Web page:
Where House Control Will Be Determined?

National Democrats have had unusual success in recruiting U.S. House hopefuls in historically safe Republican districts in Ohio. In fact, veteran political prognosticators such as Bernadette Budde of the Business and Industry Political Action Committee see possible Democratic net gains in the Buckeye State’s 18 House districts as pivotal to whether the party wins the "magic 15" seats nationwide and thus captures a majority in the House for the first time since 1994.

Veteran Republican Representatives Steve Chabot (1st District) and Deborah Pryce (15th) face unusually strong Democratic foes, and the races against both incumbents have been highlighted in such national publications as the Washington Post and the New York Times. In the 12th District (Columbus), Democrats were able to rouse the last Democrat to hold the seat — Bob Shamansky, who served from 1980-82) — out of retirement to take on three-term Republican Rep. Pat Tiberi.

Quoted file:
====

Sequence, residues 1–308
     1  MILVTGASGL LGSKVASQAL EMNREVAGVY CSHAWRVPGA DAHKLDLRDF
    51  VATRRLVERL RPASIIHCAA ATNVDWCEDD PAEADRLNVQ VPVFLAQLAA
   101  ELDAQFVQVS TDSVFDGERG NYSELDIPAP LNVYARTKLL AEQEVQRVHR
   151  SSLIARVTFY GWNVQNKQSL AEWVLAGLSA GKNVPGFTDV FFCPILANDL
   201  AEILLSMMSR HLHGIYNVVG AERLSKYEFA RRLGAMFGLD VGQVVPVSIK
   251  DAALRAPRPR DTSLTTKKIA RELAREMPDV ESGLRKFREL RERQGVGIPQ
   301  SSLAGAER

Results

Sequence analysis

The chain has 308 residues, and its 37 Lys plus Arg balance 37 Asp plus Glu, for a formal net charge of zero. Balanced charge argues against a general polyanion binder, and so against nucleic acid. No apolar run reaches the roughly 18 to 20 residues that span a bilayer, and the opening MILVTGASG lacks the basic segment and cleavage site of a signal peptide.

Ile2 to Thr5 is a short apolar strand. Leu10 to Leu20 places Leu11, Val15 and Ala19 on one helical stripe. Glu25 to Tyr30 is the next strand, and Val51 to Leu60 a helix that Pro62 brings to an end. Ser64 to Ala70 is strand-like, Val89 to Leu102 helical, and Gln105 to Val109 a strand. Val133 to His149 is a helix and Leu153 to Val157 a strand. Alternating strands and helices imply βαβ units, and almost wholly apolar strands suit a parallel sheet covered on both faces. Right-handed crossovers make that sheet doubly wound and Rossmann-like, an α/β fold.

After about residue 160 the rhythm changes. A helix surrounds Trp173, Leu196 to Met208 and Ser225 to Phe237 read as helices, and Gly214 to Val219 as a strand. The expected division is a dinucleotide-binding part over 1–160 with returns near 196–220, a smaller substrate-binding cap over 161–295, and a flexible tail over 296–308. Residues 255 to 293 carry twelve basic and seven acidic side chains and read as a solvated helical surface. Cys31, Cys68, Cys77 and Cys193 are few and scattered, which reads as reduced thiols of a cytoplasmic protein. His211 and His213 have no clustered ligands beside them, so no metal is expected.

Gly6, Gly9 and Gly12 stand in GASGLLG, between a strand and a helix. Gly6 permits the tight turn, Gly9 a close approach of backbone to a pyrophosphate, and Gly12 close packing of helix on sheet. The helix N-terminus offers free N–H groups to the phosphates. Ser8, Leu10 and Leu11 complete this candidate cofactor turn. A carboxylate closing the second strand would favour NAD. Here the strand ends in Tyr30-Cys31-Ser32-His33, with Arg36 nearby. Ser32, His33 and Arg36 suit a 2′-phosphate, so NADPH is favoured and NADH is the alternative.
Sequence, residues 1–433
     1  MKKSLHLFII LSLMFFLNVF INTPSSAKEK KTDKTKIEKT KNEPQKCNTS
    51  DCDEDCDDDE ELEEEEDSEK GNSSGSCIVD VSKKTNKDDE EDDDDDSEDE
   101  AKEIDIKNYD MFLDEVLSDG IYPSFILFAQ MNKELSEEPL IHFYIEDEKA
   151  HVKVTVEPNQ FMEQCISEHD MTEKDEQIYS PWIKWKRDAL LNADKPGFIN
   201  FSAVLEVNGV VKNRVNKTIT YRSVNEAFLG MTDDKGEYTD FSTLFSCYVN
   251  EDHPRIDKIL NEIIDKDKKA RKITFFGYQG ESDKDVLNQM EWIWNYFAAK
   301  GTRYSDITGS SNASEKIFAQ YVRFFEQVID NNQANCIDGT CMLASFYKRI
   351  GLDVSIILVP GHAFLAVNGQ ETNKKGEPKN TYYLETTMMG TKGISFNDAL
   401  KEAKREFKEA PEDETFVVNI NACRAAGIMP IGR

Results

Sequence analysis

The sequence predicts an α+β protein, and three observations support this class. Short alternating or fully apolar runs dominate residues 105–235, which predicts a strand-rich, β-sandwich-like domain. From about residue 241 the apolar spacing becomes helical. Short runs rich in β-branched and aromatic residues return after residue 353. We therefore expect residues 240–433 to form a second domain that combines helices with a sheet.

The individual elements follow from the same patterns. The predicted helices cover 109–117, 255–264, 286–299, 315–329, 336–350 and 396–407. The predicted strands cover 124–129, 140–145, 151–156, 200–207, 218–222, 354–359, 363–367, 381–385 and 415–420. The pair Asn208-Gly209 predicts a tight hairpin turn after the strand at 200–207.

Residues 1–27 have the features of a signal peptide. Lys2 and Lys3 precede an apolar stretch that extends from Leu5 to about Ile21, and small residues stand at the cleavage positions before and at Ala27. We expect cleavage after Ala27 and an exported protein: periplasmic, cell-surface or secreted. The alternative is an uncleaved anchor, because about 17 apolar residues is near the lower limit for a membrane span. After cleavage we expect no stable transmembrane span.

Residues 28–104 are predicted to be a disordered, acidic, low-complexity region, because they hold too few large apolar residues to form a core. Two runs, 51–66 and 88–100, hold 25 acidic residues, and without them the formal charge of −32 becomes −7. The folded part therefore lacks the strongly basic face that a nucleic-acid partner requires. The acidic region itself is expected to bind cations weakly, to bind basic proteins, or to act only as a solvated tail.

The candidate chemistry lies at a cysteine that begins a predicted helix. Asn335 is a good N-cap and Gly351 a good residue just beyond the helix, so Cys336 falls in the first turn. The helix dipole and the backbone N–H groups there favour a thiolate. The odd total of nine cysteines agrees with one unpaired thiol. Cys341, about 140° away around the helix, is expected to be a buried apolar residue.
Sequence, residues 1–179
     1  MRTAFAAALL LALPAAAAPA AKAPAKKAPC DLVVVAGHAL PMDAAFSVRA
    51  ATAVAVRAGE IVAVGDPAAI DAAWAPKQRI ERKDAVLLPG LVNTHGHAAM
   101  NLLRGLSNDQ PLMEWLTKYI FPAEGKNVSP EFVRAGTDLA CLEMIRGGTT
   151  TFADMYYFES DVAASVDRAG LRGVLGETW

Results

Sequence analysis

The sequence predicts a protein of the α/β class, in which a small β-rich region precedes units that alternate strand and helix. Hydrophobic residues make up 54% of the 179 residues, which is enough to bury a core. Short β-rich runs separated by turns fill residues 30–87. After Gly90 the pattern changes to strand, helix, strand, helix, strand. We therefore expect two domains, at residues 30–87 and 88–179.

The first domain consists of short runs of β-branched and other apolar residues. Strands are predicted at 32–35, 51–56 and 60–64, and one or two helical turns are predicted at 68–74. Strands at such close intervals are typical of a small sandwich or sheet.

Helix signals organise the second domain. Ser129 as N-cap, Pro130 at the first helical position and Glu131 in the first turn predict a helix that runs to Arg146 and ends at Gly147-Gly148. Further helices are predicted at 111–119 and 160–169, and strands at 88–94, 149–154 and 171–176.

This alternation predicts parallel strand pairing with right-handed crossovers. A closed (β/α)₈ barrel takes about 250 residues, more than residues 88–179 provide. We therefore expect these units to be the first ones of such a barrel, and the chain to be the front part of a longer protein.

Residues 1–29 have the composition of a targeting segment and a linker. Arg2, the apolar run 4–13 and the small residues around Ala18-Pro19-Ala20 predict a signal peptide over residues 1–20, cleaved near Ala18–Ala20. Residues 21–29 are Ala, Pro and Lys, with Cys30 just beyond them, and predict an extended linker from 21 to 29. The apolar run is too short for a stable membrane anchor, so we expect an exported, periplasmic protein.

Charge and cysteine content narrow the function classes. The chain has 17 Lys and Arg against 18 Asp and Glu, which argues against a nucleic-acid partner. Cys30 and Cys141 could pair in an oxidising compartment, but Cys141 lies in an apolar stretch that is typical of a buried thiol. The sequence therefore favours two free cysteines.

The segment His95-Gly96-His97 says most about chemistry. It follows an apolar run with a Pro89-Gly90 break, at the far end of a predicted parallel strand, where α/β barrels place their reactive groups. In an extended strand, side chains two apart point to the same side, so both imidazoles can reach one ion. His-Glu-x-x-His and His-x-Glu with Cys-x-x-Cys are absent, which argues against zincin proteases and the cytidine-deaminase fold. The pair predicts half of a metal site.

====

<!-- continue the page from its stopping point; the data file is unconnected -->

By far, the most vulnerable Republican lawmaker facing the voters in Ohio is Rep. Bob Ney, who was forced to step down as chairman of the House Administration Committee in the wake of his being the subject of the federal investigation regarding disgraced former lobbyist Jack Abramoff. His legal troubles and the question of whether he may be further implicated by Abramoff and associates notwithstanding, six-termer Ney retained the endorsement of all area party leaders in his 18th District. In the primary last week, he defeated financial consultant and political unknown James B. Harris with 70% of the vote. But now Ney faces a stiff battle in the fall from Democrat Zachary Space, a Dover lawyer who defeated party organization favorite Joe Sulzer, Vietnam veteran and mayor of Chillicothe.